Ex­plor­ing the Franklin ex­pe­di­tion

Cana­dian ex­hi­bi­tion in Lon­don fea­tures items from ship­wreck, Inuit ar­ti­facts

The Guardian (Charlottetown) - - PER­SPEC­TIVES - BY ROB DRINKWA­TER

When the Cana­dian Mu­seum of His­tory be­gan plan­ning a new ex­hi­bi­tion on the Franklin ex­pe­di­tion now show­ing in the United King­dom, nei­ther of the voy­age’s two doomed ships had been found.

But af­ter HMS Ere­bus was lo­cated in 2014 and HMS Ter­ror was found in 2016, cu­ra­tors for the ex­hibit were given the op­por­tu­nity to in­clude some of the newly re­cov­ered ar­ti­facts.

The show also high­lights the role that Inuit oral his­tory played in find­ing the ship­wrecks.

“We re­ally wanted to give credit where credit was due in the ex­hi­bi­tion,” said cu­ra­tor Karen Ryan. “The Inuit were in the Arc­tic long be­fore Eu­ro­peans went look­ing for the North­west Pas­sage.

“What we know up un­til now about what hap­pened to the Franklin ex­pe­di­tion comes largely from Inuit oral his­tory that has been passed down for 170 years.”

Ryan noted that Parks Canada and re­searchers started look­ing in ar­eas where the Inuit had in­di­cated they had seen ships still in­hab­ited and then later de­serted.

The ex­pe­di­tion led by Sir John Franklin left Eng­land in 1845 with 129 men to search for a north­ern sea route be­tween the At­lantic and Pa­cific oceans. No one ever re­turned, and search mis­sions de­ter­mined that both ships be­came ice­bound and were aban­doned.

Re­mains of some of the sailors have been found. Some the­o­ries about the ill-fated voy­age in­clude lead poi­son­ing and spoiled tinned pre­serves.

In­ter­est in the mys­tery has re­mained strong in the U.K. where some peo­ple trace fam­ily trees back to Franklin’s men.

The Na­tional Mar­itime Mu­seum in Lon­don, where the ex­hi­bi­tion will re­main on dis­play un­til early Jan­uary, held a pre­vi­ous Franklin show in 2009.

A Swedish cloth­ing com­pany, Brix­tol, that draws in­spi­ra­tion from U.K. styles, has in­tro­duced a Franklin-in­spired cloth­ing line.

And the U.K. is get­ting the new ex­hi­bi­tion first. Its de­but at the Cana­dian Mu­seum of His­tory in Gatineau, Que., is set for next March.

“I think it was a pro­found shock to Vic­to­rian Bri­tain that such a large and well-pre­pared ex­pe­di­tion could have dis­ap­peared ... (and) ended in the way that it did,” Claire War­rior, se­nior ex­hi­bi­tions cu­ra­tor with the Na­tional Mar­itime Mu­seum, said about the en­dur­ing fas­ci­na­tion with Franklin.

Items from HMS Ere­bus in­clude the ship’s bell, which Parks Canada re­cov­ered in 2014, as well as dishes and a shoe.

The Nu­navut gov­ern­ment has loaned a piece of iron­work from a boat-launch­ing mech­a­nism on the ship. The davit pin­tle was dis­cov­ered shortly be­fore the Ere­bus was lo­cated and alerted searchers that they were in the right area.

The show also in­cludes tra­di­tional Inuit seal­skin cloth­ing, kayaks and im­ple­ments. There are also items from a vast col­lec­tion of ma­te­rial re­trieved in the years af­ter the mis­sion and brought back to Bri­tain, in­clud­ing the Vic­tory Point Note, the last known mes­sage from the crew. It was dis­cov­ered on King Wil­liam Is­land in 1859.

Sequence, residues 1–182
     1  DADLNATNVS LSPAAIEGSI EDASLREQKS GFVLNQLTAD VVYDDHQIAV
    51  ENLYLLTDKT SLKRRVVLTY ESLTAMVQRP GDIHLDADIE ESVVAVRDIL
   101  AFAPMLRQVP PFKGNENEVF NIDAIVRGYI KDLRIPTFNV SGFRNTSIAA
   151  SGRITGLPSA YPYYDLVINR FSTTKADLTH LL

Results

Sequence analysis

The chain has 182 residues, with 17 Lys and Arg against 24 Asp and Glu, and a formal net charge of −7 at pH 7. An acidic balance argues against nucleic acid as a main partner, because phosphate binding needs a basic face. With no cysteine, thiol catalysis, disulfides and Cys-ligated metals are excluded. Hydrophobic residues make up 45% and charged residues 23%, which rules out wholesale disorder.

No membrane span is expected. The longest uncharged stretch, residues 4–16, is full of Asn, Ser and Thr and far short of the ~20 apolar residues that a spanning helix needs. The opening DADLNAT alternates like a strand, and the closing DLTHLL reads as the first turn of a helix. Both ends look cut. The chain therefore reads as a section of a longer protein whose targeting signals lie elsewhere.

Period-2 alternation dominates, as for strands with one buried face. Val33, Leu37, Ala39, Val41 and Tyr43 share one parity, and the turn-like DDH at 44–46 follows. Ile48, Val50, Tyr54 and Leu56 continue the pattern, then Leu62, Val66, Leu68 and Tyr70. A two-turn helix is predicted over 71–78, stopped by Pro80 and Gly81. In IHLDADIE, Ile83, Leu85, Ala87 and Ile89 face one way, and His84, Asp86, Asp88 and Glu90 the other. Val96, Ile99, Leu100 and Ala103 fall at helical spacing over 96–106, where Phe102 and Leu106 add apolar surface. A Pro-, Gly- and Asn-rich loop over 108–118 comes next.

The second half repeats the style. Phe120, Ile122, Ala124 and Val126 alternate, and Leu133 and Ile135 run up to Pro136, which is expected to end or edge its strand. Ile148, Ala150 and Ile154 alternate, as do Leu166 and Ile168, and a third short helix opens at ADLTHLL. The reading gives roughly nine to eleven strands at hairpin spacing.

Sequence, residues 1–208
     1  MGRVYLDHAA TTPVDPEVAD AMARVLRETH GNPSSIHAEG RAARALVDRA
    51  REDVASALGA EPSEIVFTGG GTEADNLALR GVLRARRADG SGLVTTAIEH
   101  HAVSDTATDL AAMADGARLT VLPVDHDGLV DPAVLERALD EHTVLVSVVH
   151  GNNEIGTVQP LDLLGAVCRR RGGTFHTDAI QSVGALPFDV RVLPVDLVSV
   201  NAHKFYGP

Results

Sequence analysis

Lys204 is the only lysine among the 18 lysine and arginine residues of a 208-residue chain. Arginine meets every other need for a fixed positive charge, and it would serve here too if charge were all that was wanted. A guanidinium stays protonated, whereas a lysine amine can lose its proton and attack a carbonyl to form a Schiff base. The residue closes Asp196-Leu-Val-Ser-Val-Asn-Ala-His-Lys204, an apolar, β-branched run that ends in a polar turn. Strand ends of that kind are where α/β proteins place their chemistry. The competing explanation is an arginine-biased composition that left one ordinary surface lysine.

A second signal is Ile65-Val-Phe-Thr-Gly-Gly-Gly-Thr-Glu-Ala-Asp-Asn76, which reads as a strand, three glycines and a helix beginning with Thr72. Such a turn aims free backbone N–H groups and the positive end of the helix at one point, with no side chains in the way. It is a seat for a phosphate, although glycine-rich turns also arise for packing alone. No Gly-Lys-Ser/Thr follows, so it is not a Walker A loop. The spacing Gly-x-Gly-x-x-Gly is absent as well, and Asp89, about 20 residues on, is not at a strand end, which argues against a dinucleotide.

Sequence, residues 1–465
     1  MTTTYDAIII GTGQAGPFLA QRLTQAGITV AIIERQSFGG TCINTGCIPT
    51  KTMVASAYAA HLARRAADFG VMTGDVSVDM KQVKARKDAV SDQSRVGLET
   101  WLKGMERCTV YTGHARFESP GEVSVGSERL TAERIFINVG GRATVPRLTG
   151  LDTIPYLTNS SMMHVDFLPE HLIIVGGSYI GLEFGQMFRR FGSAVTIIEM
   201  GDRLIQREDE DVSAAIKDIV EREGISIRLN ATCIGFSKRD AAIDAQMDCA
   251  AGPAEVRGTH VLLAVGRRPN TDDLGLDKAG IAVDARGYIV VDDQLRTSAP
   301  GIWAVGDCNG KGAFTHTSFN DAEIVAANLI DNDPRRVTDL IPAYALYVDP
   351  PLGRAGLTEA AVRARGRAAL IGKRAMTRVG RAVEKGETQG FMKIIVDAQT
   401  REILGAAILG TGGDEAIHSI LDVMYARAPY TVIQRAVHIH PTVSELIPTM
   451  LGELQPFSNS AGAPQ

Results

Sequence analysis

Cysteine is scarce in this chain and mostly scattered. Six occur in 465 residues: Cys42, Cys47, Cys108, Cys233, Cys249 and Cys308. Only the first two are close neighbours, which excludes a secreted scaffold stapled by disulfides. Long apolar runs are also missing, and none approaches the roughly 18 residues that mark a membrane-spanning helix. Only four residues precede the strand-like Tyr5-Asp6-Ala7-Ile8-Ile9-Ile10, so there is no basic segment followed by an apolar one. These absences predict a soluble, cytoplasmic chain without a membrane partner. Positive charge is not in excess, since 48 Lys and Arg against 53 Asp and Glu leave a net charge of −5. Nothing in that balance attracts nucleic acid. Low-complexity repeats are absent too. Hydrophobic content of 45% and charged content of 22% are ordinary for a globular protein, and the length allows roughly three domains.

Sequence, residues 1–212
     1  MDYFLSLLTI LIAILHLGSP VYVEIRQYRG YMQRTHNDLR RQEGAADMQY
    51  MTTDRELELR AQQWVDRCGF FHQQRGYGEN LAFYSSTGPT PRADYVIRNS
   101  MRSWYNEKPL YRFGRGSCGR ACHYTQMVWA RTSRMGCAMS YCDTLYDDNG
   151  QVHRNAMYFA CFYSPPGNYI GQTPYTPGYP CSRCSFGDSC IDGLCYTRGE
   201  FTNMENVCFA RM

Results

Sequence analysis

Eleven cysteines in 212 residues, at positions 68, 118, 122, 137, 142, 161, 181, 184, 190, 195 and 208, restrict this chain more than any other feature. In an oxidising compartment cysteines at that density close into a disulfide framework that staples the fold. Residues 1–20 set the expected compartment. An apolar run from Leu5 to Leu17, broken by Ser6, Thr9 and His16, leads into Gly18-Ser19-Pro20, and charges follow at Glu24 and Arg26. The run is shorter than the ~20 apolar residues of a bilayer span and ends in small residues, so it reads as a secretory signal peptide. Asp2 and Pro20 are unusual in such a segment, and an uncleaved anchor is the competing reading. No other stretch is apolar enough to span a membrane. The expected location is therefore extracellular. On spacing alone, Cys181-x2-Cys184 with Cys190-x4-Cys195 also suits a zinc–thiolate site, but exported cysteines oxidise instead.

“One of the things we re­ally wanted to do ... was to bring the voices of those men back as much as we could, so ... we use some ex­cerpts of let­ters that they wrote home to their fam­i­lies when they were still in Green­land, and these every­day ob­jects that you can look at,” Ryan said.

“The din­ner plates, you can see the scratch marks where knives were cut­ting into the plate. Just things to re­mind you that these were liv­ing, breath­ing hu­man be­ings.”

Own­er­ship and pos­ses­sion of items re­cov­ered from the wrecks them­selves re­mains un­der ne­go­ti­a­tion be­tween Parks Canada, the Nu­navut and U.K. gov­ern­ments and Inuit or­ga­ni­za­tions.

This sum­mer, Parks Canada’s un­der­wa­ter ar­chae­ol­ogy team is re­turn­ing to Nu­navut for pre­lim­i­nary dives on HMS Ter­ror and to con­tinue work on HMS Ere­bus.

For the cu­ra­tors, the Franklin ex­pe­di­tion is a de­vel­op­ing story.

“There’s only so much we know right now,” Ryan said. “And find­ing ... where the ships were lo­cated, find­ing Ere­bus pretty much ex­actly where the Inuit oral his­tory had talked about see­ing an in­hab­ited ship - that re­ally puts a nice note on the ac­cu­racy of the oral his­to­ries and how they can re­ally be meshed well with his­tor­i­cal re­search and with ar­chae­ol­ogy.”

NA­TIONAL MAR­ITIME MU­SEUM, LON­DON

Oil paint­ing of HMS Ere­bus in the Ice, 1846, by Fran­cois Eti­enne Musin.

THIERRY BOYER/PARKS CANADA IM­AGE

An ar­chae­ol­o­gist col­lects sam­ples un­der­wa­ter from HMS Ere­bus.

NA­TIONAL MAR­ITIME MU­SEUM,LON­DONG

Snow gog­gles from Franklin’s last ex­pe­di­tion.

CANA­DIAN MU­SEUM OF HIS­TORY IX-C-1100-IMG2016-0321-0023-DM

An Inuit-made model of a Eu­ro­pean ship is part of the Cana­dian Mu­seum of His­tory’s Franklin ex­pe­di­tion ex­hibit, now show­ing in Lon­don, Eng­land.

MARC-AN­DRÉ BERNIER/PARKS CANADA IM­AGE

Parks Canada’s un­der­wa­ter ar­chae­ol­ogy team in­ves­ti­gates HMS Ere­bus in Nu­navut.

PRINT OF SIR JOHN FRANKLIN CAPT. R. N. /NA­TIONAL MAR­ITIME MU­SEUM, LON­DON

Sir John Franklin was a fa­mous British ex­plorer who jour­neyed to the Arc­tic in search of the North-West Pas­sage, dy­ing on his last at­tempt in 1847.

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